After the French-Irish quartet Molybaron recently landed a deal with InsideOut Music / Sony Music Entertainment, and have re-released their album The Mutiny.
Singer Gary Kelly says:
“We’re absolutely delighted to have joined forces with the awesome team at Inside Out Music / Sony Music. Every kid who picks up a guitar dreams of joining a big label one day and after 6 years of hard grind, we’ve finally done it! We look forward to a bright future together. Let’s get to work!”
The album starts all delicate as the band fade the metal in with first track ‘Animals’. A brutal riffed up monster with some wild drumming with some gorgeous melodic moments especially with Kelly’s falsetto. Straight away you notice how tight the band are with the even changing rhythms of the track.
The three singles stand proud on this album with ‘Lucifer’ and its huge chorus and epic riff. The country twist of ‘Twenty Four Hours’ that features Whitfield Crane from Ugly Kid Joe lending his belting vocals too the already impressive vocals from Kelly. ‘Something For The Pain’ is bass heavy and leans towards the prog side of the band and goes all industrial on the chorus.
The prog aspects are also found in track ‘Amongst The Boys And The Dead Flowers’ with its gothic vocals as Kelly really shines on this track as his voice drives the track over the raging guitars and drums. The guitar solo is pretty damn amazing too. You have to hand it to these guys, they can certainly play. The crazy bass on ‘Prosperity Gospel’ and the mind bending riff on the chorus are testament to just how well they can play and how damn tight they are.
Taking a step back ‘The Lighthouse’ opens with some gorgeous arpeggio guitar that allows Kelly to bring his trembling and haunting tenor to the fold. He sounds so good with just the deeper guitar sound underneath. The track a gives the album some breathing space after as even when the rest of the band joins in the track has a lighter arrangement than the rest of the album.
‘Slave To The Algorithm’ is a monster of a track that jumps straight out the starting blocks with an epic riff that doesn’t give up throughout. Theres also a claim to the best metal solo this year in this track. The band no when to let things fly when the song demands it. The album falls straight into’The Hand That Feeds You’ which chugs along with thick bass and math rock style flourishes. Both these tracks have an urgency about them.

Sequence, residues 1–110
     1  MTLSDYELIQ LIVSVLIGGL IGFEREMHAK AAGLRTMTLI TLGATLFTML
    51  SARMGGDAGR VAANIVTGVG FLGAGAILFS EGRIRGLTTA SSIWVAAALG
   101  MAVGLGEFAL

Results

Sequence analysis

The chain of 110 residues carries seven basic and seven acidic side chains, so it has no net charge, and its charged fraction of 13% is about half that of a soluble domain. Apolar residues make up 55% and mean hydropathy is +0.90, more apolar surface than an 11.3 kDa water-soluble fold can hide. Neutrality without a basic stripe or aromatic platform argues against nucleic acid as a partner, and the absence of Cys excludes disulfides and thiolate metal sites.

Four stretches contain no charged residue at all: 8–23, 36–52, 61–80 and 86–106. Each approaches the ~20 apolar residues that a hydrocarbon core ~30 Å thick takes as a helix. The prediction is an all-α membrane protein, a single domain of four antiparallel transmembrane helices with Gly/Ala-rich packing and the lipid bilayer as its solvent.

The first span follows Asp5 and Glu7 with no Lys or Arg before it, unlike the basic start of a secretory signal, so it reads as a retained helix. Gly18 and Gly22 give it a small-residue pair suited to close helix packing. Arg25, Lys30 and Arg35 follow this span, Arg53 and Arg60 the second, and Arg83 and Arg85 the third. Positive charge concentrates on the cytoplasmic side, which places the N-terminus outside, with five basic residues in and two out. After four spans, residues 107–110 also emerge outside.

Final track ‘Ordinary Madness’ sees Kelly’s vocals getting more desperate as the track goes on. The drumming is top notch on this track during the breakdown in particular Greneron doesn’t let up and it works so well keeping the high pace of the track up whilst also making it sound lighter as the rest of the band take the foot off the pedal.
The overriding theme of the songs describe the uphill struggle to overcome mental health issues – depression, guilt, drug and alcohol use. The music itself reflects the struggle that also seems to be a personal thing from the band members. The song writing is just a step above most bands of this genre as they push each song to its limits.
There’s a lot to be said for Kelly input but the rest of the band can’t be ignored. The tracks are built up with impressive musicianship with some wonderful complicated passages that make this album shine. Steven Andre melts his fretboard several times colouring the songs with his guitar playing. And the tracks often have a touch of math rock with the sharp bass of Sebastien De Saint-Angel and the relentless drumming from Camille Greneron. Who has moments of insane drumming that reflects the rest of the track. The band bring the heavy but also add a touch of melodic magic. The Mutiny is a well deserved reissue.
Check out the album opener, below:
Purchase the album here